We walked them both to their classes and got them settled. They were both eager to get going and just fine to give us a quick hug and kiss and let us move on out. I dread the day when they don't need me to walk them in on the first day anymore. And by "need" I mean "want" since, let's be honest, they don't NEED me to do it now.

And in case you were wondering, Aaron took all this fuss and hubbub over his siblings in stride.

He knows that now he's effectively an only child for most of every day. Life is good.

Thursday, August 4, 2011

Dress My Daughter

This daughter of mine is something else.

We went shopping for her first day of school outfit, and we found two that we loved. I bought both, and we decided to think about it and decide later. Proving that social media has soaked into pretty much every pore of our culture, my 8 year old daughter, who has never been on Facebook but references it frequently as something her parents use to talk to people, suggested that we put pictures of the outfits on Facebook and let people vote.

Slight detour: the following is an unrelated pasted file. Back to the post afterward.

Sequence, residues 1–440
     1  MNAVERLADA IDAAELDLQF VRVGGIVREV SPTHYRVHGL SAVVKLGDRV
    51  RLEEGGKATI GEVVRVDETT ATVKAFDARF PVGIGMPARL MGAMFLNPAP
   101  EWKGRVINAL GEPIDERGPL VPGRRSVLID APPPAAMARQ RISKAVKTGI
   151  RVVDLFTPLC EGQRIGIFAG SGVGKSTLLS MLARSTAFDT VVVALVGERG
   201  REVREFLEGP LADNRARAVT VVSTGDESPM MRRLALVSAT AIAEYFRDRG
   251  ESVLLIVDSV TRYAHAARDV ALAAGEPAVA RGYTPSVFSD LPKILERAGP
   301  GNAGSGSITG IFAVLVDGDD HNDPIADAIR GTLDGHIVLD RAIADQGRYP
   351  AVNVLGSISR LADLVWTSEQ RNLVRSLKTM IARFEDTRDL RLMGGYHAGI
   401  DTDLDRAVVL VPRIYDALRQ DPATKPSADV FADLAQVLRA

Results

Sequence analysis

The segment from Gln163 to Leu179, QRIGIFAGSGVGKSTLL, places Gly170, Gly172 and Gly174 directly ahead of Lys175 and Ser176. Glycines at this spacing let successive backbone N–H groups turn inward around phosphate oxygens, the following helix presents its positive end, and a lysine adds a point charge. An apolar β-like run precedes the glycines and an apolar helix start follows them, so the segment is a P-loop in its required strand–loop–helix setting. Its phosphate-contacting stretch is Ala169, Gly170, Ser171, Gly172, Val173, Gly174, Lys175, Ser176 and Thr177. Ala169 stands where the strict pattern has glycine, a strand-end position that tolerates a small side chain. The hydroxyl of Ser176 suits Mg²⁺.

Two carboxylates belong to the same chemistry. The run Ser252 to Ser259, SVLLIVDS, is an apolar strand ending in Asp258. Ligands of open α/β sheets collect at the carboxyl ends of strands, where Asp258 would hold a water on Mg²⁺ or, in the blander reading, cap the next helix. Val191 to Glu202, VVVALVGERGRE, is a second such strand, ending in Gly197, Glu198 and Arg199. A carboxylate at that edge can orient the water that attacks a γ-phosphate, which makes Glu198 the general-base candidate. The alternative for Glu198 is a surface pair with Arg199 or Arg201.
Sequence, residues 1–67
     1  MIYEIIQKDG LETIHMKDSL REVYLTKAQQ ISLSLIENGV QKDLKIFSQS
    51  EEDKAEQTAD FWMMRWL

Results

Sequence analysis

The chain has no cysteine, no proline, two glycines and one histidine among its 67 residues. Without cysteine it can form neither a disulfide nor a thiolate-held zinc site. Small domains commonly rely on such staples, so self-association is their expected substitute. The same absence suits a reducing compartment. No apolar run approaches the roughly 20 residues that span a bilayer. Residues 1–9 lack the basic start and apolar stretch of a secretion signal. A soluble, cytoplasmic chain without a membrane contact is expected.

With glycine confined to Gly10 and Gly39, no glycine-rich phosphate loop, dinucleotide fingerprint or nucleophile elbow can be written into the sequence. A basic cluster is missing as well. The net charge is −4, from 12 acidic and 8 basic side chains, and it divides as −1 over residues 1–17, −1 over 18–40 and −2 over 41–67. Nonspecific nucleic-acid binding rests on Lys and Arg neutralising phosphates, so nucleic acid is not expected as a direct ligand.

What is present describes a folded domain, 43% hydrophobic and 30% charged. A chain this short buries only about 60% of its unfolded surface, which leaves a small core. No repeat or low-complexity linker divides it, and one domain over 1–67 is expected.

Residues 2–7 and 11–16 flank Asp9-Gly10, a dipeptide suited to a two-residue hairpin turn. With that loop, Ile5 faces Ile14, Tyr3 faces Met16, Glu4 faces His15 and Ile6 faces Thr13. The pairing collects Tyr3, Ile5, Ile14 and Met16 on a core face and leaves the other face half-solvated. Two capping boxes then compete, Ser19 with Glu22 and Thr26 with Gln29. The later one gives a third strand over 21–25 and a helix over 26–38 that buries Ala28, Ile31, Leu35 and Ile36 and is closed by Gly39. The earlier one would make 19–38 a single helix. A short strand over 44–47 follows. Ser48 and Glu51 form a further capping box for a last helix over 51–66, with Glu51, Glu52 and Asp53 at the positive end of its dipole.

She had a moment of hesitation when she realized that there are people that she does not personally know that would be able to vote. She does have about 3 ounces of shyness deep down inside. Finally, though, curiosity got the best of her. I decided to put the vote on the blog so I could write a little more than on Facebook.

Ironically, when she put the clothes on for the pictures, she decided she knows which outfit she wants to wear. However, this is the child that can change her mind about what flavor of ice cream she wants 3 times while we're getting spoons out, so I'm not confident it's a final choice.

So, here we go: let's play Dress Abby for Third Grade! Below are the two looks. Please comment ON THE BLOG (I need them all in one place to show her) with which you like better as a first day of school ensemble. Be sure to put your name in your comment so I can tell her who said what.

**Please note: I did not tell her to stand that way. This is her go-to trying on clothes pose.

Look 1: Pretty in Purple

Look 2: Lovely in layers

Time to vote!

**A point of clarification on the layered look: it's faux layering. The shirt is all one piece, designed to look like two. The skirt is attached to the leggings and is not real denim--it's a pretty thin cotton.